Similarly, the Irish regulator, the HPRA, have announced that due to the extenuating circumstances, QP batch certification of medicinal product may take place remotely (i.e. at a site other than that registered on a company’s Manufacturing/Importation Authorisation) pending HPRA approval. HiTech Health has a team of Qualified Persons (QPs) who assist in obtaining HPRA approval for remote QP certification and who can perform batch certification thereby supporting you to continue to supply medicinal product to the clinical trial or marketplace.

Clinical Trials

Clinical Trials have also been affected worldwide. According to new EMA guidelines, new and on-going clinical trials should be risk assessed immediately to understand whether is feasible to initiate or continue clinical trials in this current climate (4). HiTech Health can assist you on risk assessment and mitigation’s plans so that your patients’ safety and the integrity of your clinical trial are not compromised.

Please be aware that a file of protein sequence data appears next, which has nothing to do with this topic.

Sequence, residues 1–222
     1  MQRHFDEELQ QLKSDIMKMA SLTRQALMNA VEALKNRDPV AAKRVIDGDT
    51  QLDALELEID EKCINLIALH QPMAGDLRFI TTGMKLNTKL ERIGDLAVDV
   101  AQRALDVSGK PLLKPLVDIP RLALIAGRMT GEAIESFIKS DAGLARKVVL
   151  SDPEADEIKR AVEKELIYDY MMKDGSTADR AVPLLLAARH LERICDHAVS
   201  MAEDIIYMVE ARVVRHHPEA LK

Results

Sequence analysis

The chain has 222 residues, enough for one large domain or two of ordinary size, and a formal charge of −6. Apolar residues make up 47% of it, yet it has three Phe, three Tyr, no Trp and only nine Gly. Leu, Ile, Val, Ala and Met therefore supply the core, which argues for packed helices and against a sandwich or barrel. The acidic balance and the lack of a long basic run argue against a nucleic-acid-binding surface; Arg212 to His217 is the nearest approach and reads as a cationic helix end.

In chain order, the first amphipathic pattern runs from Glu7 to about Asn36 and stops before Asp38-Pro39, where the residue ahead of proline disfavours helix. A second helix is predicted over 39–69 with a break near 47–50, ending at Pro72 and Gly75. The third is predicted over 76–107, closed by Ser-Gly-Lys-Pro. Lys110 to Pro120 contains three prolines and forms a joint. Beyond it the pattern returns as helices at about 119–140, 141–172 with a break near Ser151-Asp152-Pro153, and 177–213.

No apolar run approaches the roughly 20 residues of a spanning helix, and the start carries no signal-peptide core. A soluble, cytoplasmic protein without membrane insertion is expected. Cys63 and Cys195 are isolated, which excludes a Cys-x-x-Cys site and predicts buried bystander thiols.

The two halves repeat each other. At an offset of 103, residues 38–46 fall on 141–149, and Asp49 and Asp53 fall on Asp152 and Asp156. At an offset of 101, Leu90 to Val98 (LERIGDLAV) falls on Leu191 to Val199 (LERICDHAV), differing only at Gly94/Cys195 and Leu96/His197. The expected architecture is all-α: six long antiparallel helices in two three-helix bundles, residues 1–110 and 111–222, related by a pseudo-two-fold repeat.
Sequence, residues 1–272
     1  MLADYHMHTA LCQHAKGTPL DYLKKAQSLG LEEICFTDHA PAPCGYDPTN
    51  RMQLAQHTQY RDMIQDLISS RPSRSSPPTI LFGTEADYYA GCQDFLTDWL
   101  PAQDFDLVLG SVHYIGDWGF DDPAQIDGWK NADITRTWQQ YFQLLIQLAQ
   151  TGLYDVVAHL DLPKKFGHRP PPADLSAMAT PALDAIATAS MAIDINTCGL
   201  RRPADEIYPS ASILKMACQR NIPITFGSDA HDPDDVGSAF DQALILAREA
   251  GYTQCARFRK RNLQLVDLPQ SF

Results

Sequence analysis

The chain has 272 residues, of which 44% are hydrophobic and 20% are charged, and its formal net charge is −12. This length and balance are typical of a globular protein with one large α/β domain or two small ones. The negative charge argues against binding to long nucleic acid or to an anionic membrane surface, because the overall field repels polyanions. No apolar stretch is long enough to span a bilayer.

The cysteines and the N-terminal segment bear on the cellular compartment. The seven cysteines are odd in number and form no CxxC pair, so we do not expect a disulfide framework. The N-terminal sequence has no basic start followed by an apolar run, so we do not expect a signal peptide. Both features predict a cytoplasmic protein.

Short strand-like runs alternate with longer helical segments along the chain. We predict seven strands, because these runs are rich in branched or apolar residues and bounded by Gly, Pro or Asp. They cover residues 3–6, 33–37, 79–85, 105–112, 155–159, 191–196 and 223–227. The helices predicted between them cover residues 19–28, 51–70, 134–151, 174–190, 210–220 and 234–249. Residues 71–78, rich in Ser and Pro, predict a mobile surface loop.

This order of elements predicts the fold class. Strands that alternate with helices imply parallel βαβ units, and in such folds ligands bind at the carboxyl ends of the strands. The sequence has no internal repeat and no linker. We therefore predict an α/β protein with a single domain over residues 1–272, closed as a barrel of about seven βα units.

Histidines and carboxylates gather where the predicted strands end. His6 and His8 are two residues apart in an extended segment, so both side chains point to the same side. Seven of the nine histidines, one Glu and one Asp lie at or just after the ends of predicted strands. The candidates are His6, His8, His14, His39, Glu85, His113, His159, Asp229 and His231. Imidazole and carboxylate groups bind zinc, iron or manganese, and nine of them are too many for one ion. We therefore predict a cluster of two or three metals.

Key Considerations for your company

Companies that source, manufacture or supply medicinal products that are currently not deemed essential COVID-19 treatment should consider the following:

  • Have you assessed your supply chain for the short, medium- and long-term future? Is it time for you to move from a single source supply chain to dual sourcing model?
  • If using contract organisations for the manufacture of your product, have you secured capacity for the next 2-3 years?
  • Are all the materials for the manufacture of your product available for the remainder of 2020 and through to 2021?